Unreserved Opportunity: Telling Our Public Service Story

Today the San Francisco Fed is introducing our new brand that conveys one thing: We work for you.

Our decision to rebrand is about something much deeper than colors and fonts. It’s about telling our unfiltered story as a public service organization. Who we are. What we stand for. The positive impact we want to have by meeting our mission. Because we want the people we serve to know us—the real us—and understand we are their Fed. That’s the only way we can start a dialogue that is crucial to meeting our mission.

In honor of that, you’ll see that our new logo includes a dot and a line—an abstract symbol of a person with outstretched arms. This may seem like an atypical logo for a Federal Reserve Bank. But we didn’t create it to be different; we created it to communicate why we come to work every day. Our new logo represents our commitment to engaging with the diverse communities we serve so we can understand their economic realities. So we can be in conversation with them, listening and learning about how our policy affects their lives and livelihoods.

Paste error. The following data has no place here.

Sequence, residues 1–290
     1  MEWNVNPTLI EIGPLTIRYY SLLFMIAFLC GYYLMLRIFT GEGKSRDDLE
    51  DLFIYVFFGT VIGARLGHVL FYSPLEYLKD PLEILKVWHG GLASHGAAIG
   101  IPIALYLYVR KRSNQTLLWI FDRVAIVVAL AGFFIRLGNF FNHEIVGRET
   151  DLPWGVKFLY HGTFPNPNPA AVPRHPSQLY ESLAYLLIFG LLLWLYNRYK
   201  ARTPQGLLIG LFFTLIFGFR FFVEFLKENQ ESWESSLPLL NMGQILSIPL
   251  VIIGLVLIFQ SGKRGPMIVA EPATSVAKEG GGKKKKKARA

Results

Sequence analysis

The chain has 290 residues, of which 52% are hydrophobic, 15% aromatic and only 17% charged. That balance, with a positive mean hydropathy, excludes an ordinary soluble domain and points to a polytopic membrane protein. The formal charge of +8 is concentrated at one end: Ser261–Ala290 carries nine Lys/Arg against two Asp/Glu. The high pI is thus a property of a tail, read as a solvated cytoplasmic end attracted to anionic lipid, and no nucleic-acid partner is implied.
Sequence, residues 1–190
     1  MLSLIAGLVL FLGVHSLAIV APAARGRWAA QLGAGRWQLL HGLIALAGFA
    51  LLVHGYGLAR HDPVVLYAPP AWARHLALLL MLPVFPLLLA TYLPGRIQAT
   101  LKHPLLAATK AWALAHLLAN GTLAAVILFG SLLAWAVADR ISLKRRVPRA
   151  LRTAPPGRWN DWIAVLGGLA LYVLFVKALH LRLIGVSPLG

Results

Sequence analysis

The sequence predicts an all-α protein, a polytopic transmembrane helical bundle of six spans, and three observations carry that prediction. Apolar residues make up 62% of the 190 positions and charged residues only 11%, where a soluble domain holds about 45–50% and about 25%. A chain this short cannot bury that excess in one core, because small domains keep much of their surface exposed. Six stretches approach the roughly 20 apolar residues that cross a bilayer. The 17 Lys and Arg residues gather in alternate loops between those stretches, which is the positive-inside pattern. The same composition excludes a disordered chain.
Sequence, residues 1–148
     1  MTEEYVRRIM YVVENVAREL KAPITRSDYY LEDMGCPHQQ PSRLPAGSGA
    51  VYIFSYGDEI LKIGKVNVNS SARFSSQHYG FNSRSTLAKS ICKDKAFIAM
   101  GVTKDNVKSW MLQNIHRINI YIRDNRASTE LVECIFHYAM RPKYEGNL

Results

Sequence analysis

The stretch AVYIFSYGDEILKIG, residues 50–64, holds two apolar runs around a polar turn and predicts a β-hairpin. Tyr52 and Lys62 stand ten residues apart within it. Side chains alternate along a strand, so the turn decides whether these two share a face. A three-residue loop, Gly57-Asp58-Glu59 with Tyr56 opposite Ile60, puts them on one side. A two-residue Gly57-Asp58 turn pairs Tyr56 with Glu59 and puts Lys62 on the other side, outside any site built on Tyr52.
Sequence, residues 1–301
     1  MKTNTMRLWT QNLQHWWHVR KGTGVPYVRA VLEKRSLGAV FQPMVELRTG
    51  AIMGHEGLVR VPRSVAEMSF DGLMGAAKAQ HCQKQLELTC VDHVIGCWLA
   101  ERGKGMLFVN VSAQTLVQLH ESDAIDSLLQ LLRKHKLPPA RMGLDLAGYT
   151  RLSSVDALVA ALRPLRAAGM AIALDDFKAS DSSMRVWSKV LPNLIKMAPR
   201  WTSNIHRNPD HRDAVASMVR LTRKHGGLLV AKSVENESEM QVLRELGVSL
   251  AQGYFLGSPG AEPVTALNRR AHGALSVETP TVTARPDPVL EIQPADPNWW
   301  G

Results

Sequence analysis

That’s why our new brand has a touchstone: Unreserved Opportunity. Two words that mean opportunity with no limits. Two words that reflect our belief that opportunity is not a luxury—it is a necessity and needs to be accessible to everyone. Words that convey the San Francisco Fed’s dedication to being opportunity builders, helping our economy and every American reach their full potential by achieving our dual mandate of maximum employment and price stability.

Simply said, our new brand is who we are at our core. We’re sharing the real us so we can connect more closely with the nearly 70 million Americans we serve across the Twelfth District. Whenever you see our brand going forward, we hope it reminds you that we are here for you. We are your public servants, a diverse group of committed people using our tools and responsibilities to promote an economy that works for you—and for everyone.

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The views expressed here do not necessarily reflect the views of the management of the Federal Reserve Bank of San Francisco or of the Board of Governors of the Federal Reserve System.